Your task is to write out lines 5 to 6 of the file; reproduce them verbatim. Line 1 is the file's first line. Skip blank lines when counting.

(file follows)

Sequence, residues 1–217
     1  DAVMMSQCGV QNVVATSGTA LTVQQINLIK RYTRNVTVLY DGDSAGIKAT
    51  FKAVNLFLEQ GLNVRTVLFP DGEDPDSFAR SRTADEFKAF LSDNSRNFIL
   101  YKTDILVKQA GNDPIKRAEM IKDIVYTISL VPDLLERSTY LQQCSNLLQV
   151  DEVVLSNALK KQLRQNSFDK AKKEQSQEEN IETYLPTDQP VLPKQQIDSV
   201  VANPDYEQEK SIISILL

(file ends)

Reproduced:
   151  DEVVLSNALK KQLRQNSFDK AKKEQSQEEN IETYLPTDQP VLPKQQIDSV
   201  VANPDYEQEK SIISILL